About 3 years ago I started spray painting my projects instead of using a brush and I will never go back! One coat coverage with spray paint is phenomenally better than one coat with a brush and not to mention you don’t see brush strokes either. Plus an average paint project with a brush used to take me 4-6 hours (including dry time); but with spray paint I cut that down to 1 1/2 hours (including dry time).
Lately I’ve had several people mention to me that they just cannot seem to spray paint anything without getting drips. I get it! I used to struggle with getting a flawless finish but after several years of practice, I’ve learned a few tricks along the way. So if you’re struggling with drips or if you’re just not able to get a smooth finish, I’m sharing the biggest mistakes I see and some tips on how to get a perfect finish.
(NOTE: We’re using a spray can for this illustration but these tips apply to paint sprayers too!)
First and foremost you have to shake the can…like a lot. I typically shake it for a full minute to make sure the paint is fully mixed in there. With paint sprayers, I give the paint a good mix before spraying. Then before spraying my object, I spray the paint into the air or a test object to make sure the nozzle sprays well. Sometimes, the paint can get clogged in the nozzle which will make the paint spit out. This will not give you a smooth texture and you’ll have to sand it off later. If the paint does spit, you’ll most likely need to clean the nozzle or switch it out with another nozzle if you have one lying around.
This is one of the biggest mistakes I see. Never start spraying or stop spraying while the nozzle is pointed directly at the object. When you first push down or let go of the nozzle, the paint may spit a little. The key is to start spraying away from the object and glide it across the object in one smooth motion. Always spray past the edge of the object to ensure you don’t have paint building up too thick in one area. I’ve got a quick video at the bottom of this post to better explain what I mean!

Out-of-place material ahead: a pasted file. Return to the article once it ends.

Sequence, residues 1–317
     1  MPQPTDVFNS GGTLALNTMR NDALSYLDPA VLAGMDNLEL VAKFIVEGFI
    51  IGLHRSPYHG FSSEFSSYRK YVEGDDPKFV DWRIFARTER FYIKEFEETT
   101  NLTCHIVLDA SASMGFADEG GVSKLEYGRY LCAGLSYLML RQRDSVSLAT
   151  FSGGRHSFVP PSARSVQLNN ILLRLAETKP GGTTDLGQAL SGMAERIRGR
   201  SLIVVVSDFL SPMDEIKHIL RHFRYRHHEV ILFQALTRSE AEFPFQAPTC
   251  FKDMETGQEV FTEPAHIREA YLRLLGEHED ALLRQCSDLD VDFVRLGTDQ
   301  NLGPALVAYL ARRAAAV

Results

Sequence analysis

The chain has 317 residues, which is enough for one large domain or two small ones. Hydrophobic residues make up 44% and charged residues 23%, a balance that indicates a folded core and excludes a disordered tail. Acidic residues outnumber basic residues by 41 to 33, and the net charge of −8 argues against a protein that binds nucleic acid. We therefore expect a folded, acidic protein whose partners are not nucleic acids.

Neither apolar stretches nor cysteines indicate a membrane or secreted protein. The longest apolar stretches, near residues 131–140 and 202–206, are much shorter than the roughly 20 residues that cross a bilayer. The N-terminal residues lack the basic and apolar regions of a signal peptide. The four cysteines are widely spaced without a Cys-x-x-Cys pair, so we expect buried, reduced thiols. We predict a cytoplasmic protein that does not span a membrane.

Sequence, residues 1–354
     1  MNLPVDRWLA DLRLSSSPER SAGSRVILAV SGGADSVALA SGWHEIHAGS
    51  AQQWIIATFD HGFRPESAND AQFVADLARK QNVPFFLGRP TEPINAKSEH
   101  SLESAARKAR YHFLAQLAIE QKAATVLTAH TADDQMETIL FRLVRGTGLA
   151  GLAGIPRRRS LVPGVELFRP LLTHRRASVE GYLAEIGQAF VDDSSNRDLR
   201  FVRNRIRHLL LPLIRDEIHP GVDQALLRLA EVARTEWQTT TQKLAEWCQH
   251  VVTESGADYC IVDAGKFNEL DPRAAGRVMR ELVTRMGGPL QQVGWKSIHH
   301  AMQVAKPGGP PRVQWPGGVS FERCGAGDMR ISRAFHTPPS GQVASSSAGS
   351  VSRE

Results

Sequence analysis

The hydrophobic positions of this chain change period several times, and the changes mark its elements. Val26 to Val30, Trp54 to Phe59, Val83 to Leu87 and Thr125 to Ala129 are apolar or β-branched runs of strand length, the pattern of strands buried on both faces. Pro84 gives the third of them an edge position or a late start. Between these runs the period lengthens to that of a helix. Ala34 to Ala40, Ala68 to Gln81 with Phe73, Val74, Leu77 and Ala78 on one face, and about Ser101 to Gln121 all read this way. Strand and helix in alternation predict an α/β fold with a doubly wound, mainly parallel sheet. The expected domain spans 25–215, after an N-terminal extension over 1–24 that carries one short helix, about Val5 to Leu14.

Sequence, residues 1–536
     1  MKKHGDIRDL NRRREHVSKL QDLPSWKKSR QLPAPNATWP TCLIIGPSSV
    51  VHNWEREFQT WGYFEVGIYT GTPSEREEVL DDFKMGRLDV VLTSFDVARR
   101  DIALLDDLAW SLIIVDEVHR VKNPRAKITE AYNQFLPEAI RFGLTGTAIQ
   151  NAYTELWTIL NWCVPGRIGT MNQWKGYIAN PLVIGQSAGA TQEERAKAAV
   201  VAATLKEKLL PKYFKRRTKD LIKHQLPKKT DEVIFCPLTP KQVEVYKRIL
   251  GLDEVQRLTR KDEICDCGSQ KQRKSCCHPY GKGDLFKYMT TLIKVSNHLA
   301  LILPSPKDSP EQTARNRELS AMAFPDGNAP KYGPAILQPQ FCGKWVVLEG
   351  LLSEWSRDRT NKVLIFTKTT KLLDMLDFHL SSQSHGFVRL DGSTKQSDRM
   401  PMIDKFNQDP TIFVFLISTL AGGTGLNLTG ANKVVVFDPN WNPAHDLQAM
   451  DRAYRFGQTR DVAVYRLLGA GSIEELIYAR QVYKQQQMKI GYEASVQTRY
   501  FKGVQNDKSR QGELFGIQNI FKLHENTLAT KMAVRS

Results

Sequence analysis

This is the second biggest mistake I see. Most paint can instructions suggest spraying 10-12 inches from the object. The reasoning for this is because the further your can is from the object, the thinner your coat of paint will be. A thin coat of paint is much less likely to drip than a thick one so keep your distance. I typically spray one thin coat over everything, let it dry for 30-45 minutes, and then spray a second thin coat for complete coverage.
If you’re painting a lot, you might notice that your nozzle is building up a lot of paint. Sometimes if it gets too messy it’ll start dripping from the outside of the nozzle/can. Just wipe it off with a rag every once in a while to ensure it’s not going to drip on your object.
Sometimes drips happen even when you’re doing everything right. It’s happened to me plenty of times. Just wait till the paint is dry and lightly sand it with a fine grit sanding block to smooth it over. Paint over it again and you should be good to go!
Here’s a quick video to demonstrate how I spray paint and get a flawless finish every time.
Ultimately, you’re going to need to practice a lot. Spray painting isn’t difficult but it does take a bit of time to get used to the motions. Once you figure out the technique you’ll be spray painting everything…trust me!
Additional Notes: Some spray paint brands are fabulous and others have proven to produce poor quality results. If you’re curious what my go to spray paint brands are, check out this post – My Go To Paints, Stains, and Finishes.
Also, I recently discovered the Critter Spray Gun and it’s changed my life! It’s the most user friendly spray gun I have ever used and I’m no longer limited the few colors that spray cans offer! Check it out here!
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